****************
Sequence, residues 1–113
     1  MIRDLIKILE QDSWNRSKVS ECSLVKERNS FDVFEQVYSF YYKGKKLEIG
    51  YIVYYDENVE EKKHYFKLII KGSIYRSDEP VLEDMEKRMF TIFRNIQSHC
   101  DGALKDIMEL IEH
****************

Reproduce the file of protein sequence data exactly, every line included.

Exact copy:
Sequence, residues 1–113
     1  MIRDLIKILE QDSWNRSKVS ECSLVKERNS FDVFEQVYSF YYKGKKLEIG
    51  YIVYYDENVE EKKHYFKLII KGSIYRSDEP VLEDMEKRMF TIFRNIQSHC
   101  DGALKDIMEL IEH